The Casual Gardener: Carlow gardens lead trail of success
The annual Carlow Garden Festival has intimacy, a splash of celebrity and some trusted perennials…
IMAGINE Glastonbury, only for gardeners, and in Ireland rather than England. It might look something like the annual Carlow Garden Festival.
From humble beginnings back in 2002 when it was a series of workshops and talks by mainly local gardeners, it has grown into a 10-day international extravaganza, attracting some of the biggest names in horticulture. It still retains a intimate atmosphere, however, endeavouring to enable as much interaction as possible between guests and visitors.
It was conceived around the Carlow Garden Trail, a collection of 19 different gardening attractions spread across the county.
“The objective,” says Robert Miller, chairman of the trail and owner of Altamont Plant Sales, “was to heighten awareness of this valuable cultural heritage and tourism resource through the organisation of a dedicated 10-day festival featuring many of the locations on the trail.”
Robert believes the county's large number of acclaimed public and private gardens stems from a combination of “temperate climate and good soil”.
Carlow boasts public gardens of note at Altamont and Duckett's Grove and many private gardens, such as those at Hardymount, Borris House and Huntington Castle, Clonegal.
Award-winning garden centres like Arboretum and Rathwood, and a number of forest parks give the festival experience another dimension, says Robert.
“The backdrop of the big houses, with the original descendants of the family still living in the properties, is a real selling point for many visitors,” he says.
“And on top of all that we have some of the best-presented towns and villages in the country, where community involvement is paramount and visitors really enjoy travelling through these places, admiring the planting schemes on display during the 10 days of the festival.”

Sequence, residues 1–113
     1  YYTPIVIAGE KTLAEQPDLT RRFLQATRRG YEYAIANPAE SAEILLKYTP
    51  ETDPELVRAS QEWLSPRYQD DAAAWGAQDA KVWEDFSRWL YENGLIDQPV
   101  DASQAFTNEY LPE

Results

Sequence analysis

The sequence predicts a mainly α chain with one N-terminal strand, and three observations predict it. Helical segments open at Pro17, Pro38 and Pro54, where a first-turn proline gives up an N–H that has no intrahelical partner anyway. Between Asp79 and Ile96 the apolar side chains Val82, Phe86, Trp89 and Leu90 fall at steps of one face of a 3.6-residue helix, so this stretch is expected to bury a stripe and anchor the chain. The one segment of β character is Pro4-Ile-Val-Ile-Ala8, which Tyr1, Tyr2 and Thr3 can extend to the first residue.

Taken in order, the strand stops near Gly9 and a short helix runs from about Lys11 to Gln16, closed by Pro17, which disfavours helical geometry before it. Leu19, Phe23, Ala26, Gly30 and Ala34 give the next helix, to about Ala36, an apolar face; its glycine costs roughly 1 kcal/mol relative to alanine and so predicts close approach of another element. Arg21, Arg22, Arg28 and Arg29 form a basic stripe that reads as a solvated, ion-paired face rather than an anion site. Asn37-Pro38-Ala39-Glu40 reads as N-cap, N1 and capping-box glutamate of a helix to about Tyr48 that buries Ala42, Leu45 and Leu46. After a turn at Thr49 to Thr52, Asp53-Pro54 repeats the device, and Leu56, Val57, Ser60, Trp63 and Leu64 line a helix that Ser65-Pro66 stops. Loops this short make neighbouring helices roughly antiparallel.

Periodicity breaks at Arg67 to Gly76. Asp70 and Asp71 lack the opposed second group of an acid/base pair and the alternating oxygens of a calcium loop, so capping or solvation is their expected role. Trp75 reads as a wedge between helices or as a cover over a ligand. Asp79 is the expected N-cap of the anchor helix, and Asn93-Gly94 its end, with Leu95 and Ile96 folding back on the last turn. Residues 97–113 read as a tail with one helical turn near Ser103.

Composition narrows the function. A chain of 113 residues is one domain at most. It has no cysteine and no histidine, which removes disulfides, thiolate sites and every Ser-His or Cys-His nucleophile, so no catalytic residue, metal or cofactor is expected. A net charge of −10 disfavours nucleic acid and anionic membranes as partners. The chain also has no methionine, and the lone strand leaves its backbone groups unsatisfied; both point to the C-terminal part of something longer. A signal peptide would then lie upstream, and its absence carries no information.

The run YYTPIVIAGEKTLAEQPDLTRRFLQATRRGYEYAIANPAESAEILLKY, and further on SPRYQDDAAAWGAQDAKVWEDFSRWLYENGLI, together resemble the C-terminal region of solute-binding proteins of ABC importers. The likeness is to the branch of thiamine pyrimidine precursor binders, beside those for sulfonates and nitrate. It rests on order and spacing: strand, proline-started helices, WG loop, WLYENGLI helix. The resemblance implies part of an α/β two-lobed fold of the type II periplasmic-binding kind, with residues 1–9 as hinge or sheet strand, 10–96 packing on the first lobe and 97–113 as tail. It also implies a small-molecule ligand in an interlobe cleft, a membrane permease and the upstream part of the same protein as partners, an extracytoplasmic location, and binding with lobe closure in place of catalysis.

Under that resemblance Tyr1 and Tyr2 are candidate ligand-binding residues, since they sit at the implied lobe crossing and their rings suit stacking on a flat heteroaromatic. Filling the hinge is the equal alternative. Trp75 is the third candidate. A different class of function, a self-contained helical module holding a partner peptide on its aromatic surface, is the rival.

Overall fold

The festival is backed from Carlow Tourism and that support is adequately repaid with more than 2,000 visitors last year, spending in excess of €250,000.
“The vast majority of attendees are from outside Carlow, drawn from all over the country,” says Eileen O'Rourke of Carlow Tourism, adding that over the past three years she's noticed a considerable increase in the number coming from north of the border.
Among the festival's many highlights over the years, Monty Don's 2017 appearance is singled out, with some 800 people gathering to hear a talk by the Gardener's World presenter at Arboretum Home and Garden Heaven in Leighlinbridge.
Monty returns to the festival on August 3 for what is expected to be a sell-out appearance. He'll be giving an insight into the customs and wonders of Japanese and Paradise gardens.
Elsewhere, countless gardening experts and personalities from across Ireland and Britain will take part in a series of workshops, garden tours, specialist talks, Q&A sessions, films, and long-table lunches at venues on Carlow Garden Trail.
Among the expected highlights is the return of Neil Porteous, head gardener at Mount Stewart, who'll be walking and talking his way through Altamont Gardens' fine plant collections and ancient oak woodland.
Renowned herb specialist Jekka McVicar makes her Carlow debut, sharing an extensive knowledge of growing and designing sustainable herb gardens.
There's a culinary flavour also to the talk at Shankill Castle by Aaron Bertelsen, vegetable gardener and cook at Great Dixter in Kent. Visitors can enjoy a garden-to-table feast thereafter, celebrating summer produce from the on-site walled garden.
Other big draws include Alys Fowler, Dermot O'Neill and Dan Pearson, internationally renowned landscape and garden designer.
:: For more information and booking info on Carlow Garden Festival (Saturday July 27 – Monday August 5) visit carlowgardentrail.com